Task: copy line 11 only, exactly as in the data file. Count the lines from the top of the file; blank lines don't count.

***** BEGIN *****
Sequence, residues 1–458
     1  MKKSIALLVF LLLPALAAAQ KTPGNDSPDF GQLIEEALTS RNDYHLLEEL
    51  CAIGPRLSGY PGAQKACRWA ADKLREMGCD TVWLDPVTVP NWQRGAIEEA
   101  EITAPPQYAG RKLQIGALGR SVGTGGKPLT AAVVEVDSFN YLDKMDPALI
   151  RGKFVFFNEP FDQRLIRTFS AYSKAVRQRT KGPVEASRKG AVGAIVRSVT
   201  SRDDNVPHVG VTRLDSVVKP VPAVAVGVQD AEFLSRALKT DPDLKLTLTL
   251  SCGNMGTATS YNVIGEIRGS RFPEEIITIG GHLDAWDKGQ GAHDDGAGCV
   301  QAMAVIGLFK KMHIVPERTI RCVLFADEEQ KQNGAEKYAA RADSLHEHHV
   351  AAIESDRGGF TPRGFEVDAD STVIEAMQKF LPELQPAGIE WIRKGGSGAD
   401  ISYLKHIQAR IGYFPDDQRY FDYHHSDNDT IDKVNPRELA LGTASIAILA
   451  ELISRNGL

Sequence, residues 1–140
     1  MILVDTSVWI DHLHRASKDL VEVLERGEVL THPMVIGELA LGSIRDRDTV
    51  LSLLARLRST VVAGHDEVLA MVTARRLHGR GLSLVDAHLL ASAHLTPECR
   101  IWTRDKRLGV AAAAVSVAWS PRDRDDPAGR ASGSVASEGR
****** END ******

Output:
   451  ELISRNGL